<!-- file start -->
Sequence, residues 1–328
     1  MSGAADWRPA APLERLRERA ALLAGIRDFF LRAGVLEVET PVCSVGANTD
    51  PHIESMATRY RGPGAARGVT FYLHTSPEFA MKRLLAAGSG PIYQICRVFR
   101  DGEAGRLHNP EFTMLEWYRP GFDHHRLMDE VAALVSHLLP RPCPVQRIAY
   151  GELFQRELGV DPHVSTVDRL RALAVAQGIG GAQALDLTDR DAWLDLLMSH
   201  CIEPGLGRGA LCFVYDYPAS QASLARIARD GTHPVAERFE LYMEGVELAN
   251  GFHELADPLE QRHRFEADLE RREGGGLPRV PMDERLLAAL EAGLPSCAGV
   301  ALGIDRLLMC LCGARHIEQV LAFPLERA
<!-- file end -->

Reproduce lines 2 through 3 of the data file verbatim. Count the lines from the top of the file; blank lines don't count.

     1  MSGAADWRPA APLERLRERA ALLAGIRDFF LRAGVLEVET PVCSVGANTD
    51  PHIESMATRY RGPGAARGVT FYLHTSPEFA MKRLLAAGSG PIYQICRVFR